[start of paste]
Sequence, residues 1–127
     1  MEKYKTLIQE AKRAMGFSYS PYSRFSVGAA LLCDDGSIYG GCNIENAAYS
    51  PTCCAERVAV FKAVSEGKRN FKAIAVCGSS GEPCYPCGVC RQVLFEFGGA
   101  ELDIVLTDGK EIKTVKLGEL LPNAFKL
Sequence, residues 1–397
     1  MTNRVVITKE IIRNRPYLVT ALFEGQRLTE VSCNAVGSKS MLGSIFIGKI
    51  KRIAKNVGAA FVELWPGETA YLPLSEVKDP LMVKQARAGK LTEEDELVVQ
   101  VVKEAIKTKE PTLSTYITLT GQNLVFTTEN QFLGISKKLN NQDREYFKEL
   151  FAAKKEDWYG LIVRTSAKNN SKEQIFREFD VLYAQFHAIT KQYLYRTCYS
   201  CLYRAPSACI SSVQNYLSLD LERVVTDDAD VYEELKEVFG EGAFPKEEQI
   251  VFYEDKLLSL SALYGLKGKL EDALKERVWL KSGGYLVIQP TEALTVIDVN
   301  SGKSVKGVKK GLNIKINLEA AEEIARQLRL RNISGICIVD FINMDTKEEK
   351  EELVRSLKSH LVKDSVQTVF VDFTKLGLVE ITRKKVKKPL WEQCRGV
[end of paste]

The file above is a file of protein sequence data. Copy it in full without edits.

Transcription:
Sequence, residues 1–127
     1  MEKYKTLIQE AKRAMGFSYS PYSRFSVGAA LLCDDGSIYG GCNIENAAYS
    51  PTCCAERVAV FKAVSEGKRN FKAIAVCGSS GEPCYPCGVC RQVLFEFGGA
   101  ELDIVLTDGK EIKTVKLGEL LPNAFKL
Sequence, residues 1–397
     1  MTNRVVITKE IIRNRPYLVT ALFEGQRLTE VSCNAVGSKS MLGSIFIGKI
    51  KRIAKNVGAA FVELWPGETA YLPLSEVKDP LMVKQARAGK LTEEDELVVQ
   101  VVKEAIKTKE PTLSTYITLT GQNLVFTTEN QFLGISKKLN NQDREYFKEL
   151  FAAKKEDWYG LIVRTSAKNN SKEQIFREFD VLYAQFHAIT KQYLYRTCYS
   201  CLYRAPSACI SSVQNYLSLD LERVVTDDAD VYEELKEVFG EGAFPKEEQI
   251  VFYEDKLLSL SALYGLKGKL EDALKERVWL KSGGYLVIQP TEALTVIDVN
   301  SGKSVKGVKK GLNIKINLEA AEEIARQLRL RNISGICIVD FINMDTKEEK
   351  EELVRSLKSH LVKDSVQTVF VDFTKLGLVE ITRKKVKKPL WEQCRGV